This paper describes an extensive study of the growth of ossification centers in limb long bones of the human fetus from 8 to 26 weeks of conceptual age. Longitudinal measurements were made of the femur, tibia, fibula, humerus, radius, and ulna. Comparisons were made between bones on the left and right sides of the body and between the sexes. Standards are presented for the growth of these centers. They compare well with previous studies, any differences being accounted for by different methods of aging and measurement. A complicated picture of growth of the two sides of the fetal body is presented. Growth of the humerus, tibia, and fibula appears to be dominant on the left side of the body while growth in the femur is dominant on the right. At present, no explanation is available, but it is possible that factors such as manual dominance may be related. Evidence also is presented which suggests that the female fetus is in advance of the male in terms of ossification but only after 21 weeks gestation.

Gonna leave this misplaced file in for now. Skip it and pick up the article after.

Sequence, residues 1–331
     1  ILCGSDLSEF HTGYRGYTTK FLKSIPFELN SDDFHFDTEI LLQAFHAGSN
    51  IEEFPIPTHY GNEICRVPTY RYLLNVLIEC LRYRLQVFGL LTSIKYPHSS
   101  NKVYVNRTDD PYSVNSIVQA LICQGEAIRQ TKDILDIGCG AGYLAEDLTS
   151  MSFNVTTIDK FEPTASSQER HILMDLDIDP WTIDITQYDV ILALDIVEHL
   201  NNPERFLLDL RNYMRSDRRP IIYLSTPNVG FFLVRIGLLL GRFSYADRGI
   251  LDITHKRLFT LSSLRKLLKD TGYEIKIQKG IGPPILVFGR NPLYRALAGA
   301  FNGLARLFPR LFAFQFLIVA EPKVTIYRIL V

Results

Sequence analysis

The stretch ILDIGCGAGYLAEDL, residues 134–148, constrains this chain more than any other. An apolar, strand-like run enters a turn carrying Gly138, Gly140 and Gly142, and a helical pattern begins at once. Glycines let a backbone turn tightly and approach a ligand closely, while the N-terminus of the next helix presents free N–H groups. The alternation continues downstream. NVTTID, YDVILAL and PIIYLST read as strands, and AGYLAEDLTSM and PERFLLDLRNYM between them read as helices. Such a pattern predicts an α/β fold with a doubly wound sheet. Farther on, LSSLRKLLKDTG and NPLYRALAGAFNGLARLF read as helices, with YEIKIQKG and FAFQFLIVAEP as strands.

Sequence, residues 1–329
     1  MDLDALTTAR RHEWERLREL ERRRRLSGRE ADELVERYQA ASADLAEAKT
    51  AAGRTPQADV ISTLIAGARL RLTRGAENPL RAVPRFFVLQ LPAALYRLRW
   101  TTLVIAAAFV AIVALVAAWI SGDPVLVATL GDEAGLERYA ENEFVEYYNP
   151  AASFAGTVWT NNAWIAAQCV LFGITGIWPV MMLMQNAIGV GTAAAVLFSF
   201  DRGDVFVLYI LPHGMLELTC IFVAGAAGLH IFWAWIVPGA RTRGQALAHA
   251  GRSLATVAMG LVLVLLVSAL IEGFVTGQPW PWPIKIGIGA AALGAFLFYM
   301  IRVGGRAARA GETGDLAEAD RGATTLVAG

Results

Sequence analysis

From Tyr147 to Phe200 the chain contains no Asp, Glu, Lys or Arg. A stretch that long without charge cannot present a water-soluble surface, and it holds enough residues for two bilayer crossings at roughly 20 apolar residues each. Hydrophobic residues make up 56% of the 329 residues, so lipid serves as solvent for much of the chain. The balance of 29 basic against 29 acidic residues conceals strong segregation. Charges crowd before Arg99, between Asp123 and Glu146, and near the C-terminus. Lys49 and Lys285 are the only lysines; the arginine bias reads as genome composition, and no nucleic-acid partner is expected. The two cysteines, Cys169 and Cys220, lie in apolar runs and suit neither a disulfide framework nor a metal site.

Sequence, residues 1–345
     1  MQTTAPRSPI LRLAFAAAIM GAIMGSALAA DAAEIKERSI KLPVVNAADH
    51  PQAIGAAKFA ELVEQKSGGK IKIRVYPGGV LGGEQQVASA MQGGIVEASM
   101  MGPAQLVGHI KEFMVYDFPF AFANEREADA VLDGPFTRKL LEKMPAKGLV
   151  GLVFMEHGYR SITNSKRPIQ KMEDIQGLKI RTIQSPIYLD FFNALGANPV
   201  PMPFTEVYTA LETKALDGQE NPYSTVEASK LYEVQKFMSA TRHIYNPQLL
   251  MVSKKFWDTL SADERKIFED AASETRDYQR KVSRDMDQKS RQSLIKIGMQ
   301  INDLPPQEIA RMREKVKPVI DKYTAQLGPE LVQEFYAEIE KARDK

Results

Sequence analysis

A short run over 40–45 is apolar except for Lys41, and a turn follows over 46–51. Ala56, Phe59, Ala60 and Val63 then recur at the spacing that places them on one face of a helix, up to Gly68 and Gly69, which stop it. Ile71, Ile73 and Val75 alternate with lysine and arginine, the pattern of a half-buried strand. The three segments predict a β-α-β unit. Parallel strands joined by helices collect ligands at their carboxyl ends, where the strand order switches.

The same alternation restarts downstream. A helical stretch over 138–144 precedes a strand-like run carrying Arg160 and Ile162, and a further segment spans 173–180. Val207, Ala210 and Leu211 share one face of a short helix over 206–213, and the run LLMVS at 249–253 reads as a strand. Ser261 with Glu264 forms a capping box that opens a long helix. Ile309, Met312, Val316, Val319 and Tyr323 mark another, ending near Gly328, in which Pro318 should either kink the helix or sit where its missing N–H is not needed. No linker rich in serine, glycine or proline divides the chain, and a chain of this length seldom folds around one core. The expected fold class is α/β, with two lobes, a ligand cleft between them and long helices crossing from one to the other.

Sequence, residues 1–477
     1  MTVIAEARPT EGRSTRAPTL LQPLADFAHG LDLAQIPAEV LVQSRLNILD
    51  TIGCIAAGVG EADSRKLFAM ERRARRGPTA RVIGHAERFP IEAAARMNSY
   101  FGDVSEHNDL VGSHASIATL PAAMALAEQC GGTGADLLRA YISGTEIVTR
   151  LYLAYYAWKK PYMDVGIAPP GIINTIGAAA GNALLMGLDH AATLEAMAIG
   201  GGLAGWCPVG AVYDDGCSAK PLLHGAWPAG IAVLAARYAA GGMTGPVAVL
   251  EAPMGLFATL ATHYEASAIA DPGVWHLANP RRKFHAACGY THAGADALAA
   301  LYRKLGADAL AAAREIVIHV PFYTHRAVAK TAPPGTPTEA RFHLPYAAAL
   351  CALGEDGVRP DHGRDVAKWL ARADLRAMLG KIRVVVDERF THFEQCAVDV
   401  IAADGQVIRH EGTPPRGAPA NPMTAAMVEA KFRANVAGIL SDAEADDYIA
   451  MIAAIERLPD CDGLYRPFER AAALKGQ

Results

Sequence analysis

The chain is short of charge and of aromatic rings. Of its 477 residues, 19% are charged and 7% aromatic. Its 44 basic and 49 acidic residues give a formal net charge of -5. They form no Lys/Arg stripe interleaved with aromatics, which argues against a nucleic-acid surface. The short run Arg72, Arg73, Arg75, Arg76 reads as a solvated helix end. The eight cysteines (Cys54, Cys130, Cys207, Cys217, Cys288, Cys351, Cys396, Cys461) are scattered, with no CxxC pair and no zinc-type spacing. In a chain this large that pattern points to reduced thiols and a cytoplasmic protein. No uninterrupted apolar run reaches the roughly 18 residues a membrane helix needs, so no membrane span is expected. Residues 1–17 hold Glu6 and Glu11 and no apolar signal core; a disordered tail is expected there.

ASJC Scopus subject areas
- Agricultural and Biological Sciences (miscellaneous)